Listening to cells to understand disease
WHILE every human cell contains around 20,000 genes, ONLY A HANDFUL OF THESE actually provide IT with a unique identity. this relatively small number of genes can generate enormous biological complexity by being utilised in unique combinations, at specific times and at precise levels. in the same way, while there are only 88 keys on a piano, playing these keys can generate an almost infinite variety of music. the music produced will depend on both the combination of keys played and how long and hard they are pressed. In this way, combinations of genes are able to control all aspects of biological function. by listening to this cellular 'music' we hope to understand the molecular mechanisms underlying the pathogenesis of disease, leading to new therapeutic opportunities.
our research IS driven by both fundamental and clinical questions in the fields of cancer, immunology and stem cells. examples of research areas that are currently being explored include:
- UNderstanding and manipulating INTERACTIONS BETWEEN IMMUNE CELLS & TUMORS
- transcriptional control of epithelial plasticity and metastasis
- Targeting deregulated T cell metabolism in autoimmune disease
- Therapeutic use of mesenchymal stem cell-derived exosomES
BIOLOGICAL PROCESSES WE ARE INTERESTED IN INCLUDE: anergy, gene TRANSCRIPTION, intracellular SIGNALING, EPIGENETIC regulation, cellular METABOLISM, AUTOPHAGY & METASTASIS.
Our research uses a broad range of molecular and cell biological approaches, as well as in vivo and ex-vivo models of disease. This forms a 'translatable' research program with close connection with our clinical collaborators.
We are part of the center for molecular medicine and Located at the Regenerative Medicine Center, UMC Utrecht.
+31 (0)30 212-1800
Regenerative Medicine Center
Chair, Utrecht University Regenerative Medicine PhD program
Manager of Research, Division LAB, UMC Utrecht
Program Manager, Utrecht University Regenerative Medicine PhD program
Interest: therapeutic application of stem cell-derived exosomes
Interest: the mammary tumor niche
Interest: (de)regulation of immunometabolism in autoimmune diseases
Interest: (de)regulation of immunometabolism in pediatric arthristis
Interest: anergy and autophagy in T cell activation
Interest: understanding the role of SOX4 in breast cancer
PhD student (supervisor Prof. Marc Timmers)
Interest: TFIID assembly and function
Representative publications for current research themes:
1. Nemo-like kinase drives Foxp3 stability and is critical for maintenance of immune tolerance by regulatory T cells. Fleskens, V., Minutti, C., Wu, X., Wei, P., Pals, C.E.G.M., McCrae, J., Hemmers, S., Groenewold, V., Rudensky, A., Pan, F., Li, H., Zaiss, D. and Coffer, P.J. Cell Reports, in press.
2. Forkhead transcription factors as context-dependent regulators of lymphocyte homeostasis. Zaiss, D. and Coffer, P.J. (2018) Nature Reviews Immunology 18, 703-715.
3. SOX4-SMAD3 interaction redirects TGF-β-mediated transcriptional output in a context-dependent manner. Vervoort, S.J., Lourenco, A.R., Tufegdzic-Vidakovic, A., Sandoval, J.L., Rueda, O.M., Frederiks, C., Russell, R., Caldas, C., Bruna, A. and Coffer, P.J. (2018) Nucleic Acid Research 46, 9578-9590.
4. Autophagy is a tolerance-avoidance mechanism that modulates TCR-mediated signaling and cell metabolism to prevent the induction of T cell anergy. Mocholi, E., Dowling, S.D., Botbol, Y., Gruber, R.C., Ray, A.K., Vastert, S., Shafit-Zagardo, B., Coffer, P.J. and Macian, F. (2018) Cell Reports 24, 1136-1150.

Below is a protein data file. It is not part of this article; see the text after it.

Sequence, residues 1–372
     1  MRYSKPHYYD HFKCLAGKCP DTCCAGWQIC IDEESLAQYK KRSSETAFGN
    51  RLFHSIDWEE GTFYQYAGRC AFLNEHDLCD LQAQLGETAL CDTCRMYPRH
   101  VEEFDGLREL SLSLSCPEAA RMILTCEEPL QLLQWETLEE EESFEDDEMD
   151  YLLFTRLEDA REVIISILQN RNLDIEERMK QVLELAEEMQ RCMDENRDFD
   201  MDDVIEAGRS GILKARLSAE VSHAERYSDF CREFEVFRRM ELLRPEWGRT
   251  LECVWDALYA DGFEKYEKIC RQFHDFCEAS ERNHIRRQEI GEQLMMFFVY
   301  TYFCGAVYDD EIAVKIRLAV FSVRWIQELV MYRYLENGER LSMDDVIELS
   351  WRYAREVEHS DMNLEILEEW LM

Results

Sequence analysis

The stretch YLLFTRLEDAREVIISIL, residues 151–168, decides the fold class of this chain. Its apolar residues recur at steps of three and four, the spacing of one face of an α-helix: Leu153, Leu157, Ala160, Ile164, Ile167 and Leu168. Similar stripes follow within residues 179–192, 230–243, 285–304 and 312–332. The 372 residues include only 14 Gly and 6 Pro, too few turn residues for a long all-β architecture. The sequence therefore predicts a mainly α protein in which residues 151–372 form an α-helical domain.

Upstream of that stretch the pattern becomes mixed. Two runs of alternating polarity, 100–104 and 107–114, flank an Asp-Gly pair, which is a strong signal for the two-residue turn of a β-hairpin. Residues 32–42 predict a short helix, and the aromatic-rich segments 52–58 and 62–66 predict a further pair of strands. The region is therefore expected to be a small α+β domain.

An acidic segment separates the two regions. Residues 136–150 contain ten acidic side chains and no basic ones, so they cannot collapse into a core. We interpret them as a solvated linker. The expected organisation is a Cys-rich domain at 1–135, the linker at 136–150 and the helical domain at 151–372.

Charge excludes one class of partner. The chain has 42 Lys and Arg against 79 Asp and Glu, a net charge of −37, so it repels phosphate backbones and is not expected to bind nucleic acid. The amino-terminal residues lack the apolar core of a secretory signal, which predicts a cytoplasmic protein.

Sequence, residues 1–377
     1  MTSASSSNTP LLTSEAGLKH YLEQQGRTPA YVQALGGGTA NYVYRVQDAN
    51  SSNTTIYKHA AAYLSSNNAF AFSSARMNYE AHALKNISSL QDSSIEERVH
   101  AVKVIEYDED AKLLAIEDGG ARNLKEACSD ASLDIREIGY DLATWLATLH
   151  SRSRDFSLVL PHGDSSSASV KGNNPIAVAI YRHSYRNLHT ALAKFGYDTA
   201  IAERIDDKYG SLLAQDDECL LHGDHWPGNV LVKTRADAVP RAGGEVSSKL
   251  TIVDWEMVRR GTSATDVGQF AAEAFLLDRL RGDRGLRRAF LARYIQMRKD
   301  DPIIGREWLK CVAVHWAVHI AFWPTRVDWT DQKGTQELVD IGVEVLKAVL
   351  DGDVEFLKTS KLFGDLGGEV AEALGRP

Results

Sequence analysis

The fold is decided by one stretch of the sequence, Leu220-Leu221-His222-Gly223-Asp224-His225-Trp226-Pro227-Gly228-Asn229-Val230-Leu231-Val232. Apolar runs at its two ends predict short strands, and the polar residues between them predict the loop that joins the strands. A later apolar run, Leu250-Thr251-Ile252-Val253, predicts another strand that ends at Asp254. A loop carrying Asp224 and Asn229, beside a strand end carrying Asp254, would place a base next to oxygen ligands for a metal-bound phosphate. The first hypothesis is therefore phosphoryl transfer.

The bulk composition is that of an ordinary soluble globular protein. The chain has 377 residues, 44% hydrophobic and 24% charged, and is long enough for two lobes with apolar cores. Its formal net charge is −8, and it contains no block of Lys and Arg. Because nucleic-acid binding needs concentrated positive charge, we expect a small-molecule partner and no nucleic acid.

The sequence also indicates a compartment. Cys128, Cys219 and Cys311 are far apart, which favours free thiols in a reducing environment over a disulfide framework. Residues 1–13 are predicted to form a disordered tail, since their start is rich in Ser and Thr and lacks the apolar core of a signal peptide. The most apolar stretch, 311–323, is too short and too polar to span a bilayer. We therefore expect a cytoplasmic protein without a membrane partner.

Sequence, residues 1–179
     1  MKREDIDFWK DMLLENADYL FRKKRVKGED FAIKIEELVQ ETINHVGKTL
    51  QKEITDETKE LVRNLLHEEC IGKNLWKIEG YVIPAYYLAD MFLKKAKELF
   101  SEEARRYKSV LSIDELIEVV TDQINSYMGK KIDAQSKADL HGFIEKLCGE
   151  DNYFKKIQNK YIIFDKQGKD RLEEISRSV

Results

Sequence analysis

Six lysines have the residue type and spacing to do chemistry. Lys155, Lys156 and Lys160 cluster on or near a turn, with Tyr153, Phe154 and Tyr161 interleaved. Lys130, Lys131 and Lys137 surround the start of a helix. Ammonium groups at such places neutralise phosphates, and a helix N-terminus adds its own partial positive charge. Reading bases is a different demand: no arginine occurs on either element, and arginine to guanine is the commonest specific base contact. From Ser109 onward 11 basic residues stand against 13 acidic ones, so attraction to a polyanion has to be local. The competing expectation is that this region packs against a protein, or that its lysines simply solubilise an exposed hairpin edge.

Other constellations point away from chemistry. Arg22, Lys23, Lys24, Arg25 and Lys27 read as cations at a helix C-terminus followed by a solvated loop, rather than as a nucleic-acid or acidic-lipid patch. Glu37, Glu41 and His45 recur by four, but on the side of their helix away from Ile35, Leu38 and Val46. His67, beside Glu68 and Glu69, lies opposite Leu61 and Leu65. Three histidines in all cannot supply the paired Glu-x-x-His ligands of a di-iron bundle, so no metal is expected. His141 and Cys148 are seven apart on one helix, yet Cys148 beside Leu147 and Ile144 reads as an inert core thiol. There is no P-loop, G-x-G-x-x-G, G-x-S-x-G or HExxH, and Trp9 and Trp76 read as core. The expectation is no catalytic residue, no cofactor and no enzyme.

5. Global transcriptional analysis identifies a novel role for SOX4 in tumor-induced angiogenesis. Vervoort, S.J., de Jong, O.G., Vermeulen, J.F., Bella, L., Lourenco, A-R., Frederiks, C., Tufegdzic-Vidakovic, A., Russell, R., Moelans,C., van Amersfoort, M., Dallman, M.J., Bruna, A., Caldas, C., Nieuwenhuis, E., van der Wall, E., Derksen, P., van Diest, P., Lam, W. W-F., Verhaar, M., Mokry, M. and Coffer, P.J. eLife, Dec 3;7.
6. Bartels M, Govers AM, Fleskens V, Lourenço AR, Pals CE, Vervoort SJ, van Gent R, Brenkman AB, Bierings MB, Ackerman SJ, van Loosdregt J, Coffer PJ. (2015) Acetylation of C/EBPε is a prerequisite for terminal neutrophil differentiation. Blood. 125, 1782-92
7. Arpaia N, Campbell C, Fan X, Dikiy S, van der Veeken J, deRoos P, Liu H, Cross JR, Pfeffer K, Coffer PJ, Rudensky AY. (2013) Metabolites produced by commensal bacteria promote peripheral regulatory T-cell generation. Nature 504, 451-5
8. USP7/HAUSP-mediated stabilization of Foxp3 increases Treg suppressive capacity. van Loosdregt, J., Fleskens, V., Fu, J., Brenkman, A.J., Bekker, C.P.J., Pals, C.E.G.M., Meerding, J., Berkers, C.R., Barbi, J., Grone, A., Sijts, A.J.M., Maurice, M.M., Kalkhoven, E., Prakken, B.J., Ovaa, O., Pan, F., Zaiss, D.M.W. and Coffer, P.J. (2013) Immunity 39, 259-271
9. Canonical Wnt signaling negatively modulates T regulatory cell function. van Loosdregt, J., Fleskens, V., Tiemessen, M.T., Mokry, M., van Boxtel, R., Meerding, J., Pals, C.E.G.M., Kurek, D., Baert, M.R., Delmarre, E.M., Grone, A., Groot-Koerkamp, M.J., Sijts, A.A.M., Maurice, M.M., van Es, J.H., ten Berge, D., Holstege, F.C., Staal, F.J.T., Zaiss, D.M.W., Prakken, B.J. and Coffer, P.J. (2013) Immunity 39, 298-310
10. Modulation of glutamine metabolism by the PI(3)K-PKB-FOXO network regulates autophagy. van der Vos, K.E., Eliasson, P., Proikas-Cezanne, T., Vervoort, S.J., van Boxtel, R., Putker M., van Zutphen, I.J., Mauthe, M., Zellmer, S., Pals, C., Verhagen, L.P., Groot-Koerkamp, M.J., Braat, A.K., Dansen, T.B., Holstege, F.C., Gebhardt, R., Burgering, B.M., Coffer, P.J. (2012) Nature Cell Biology 14, 829-37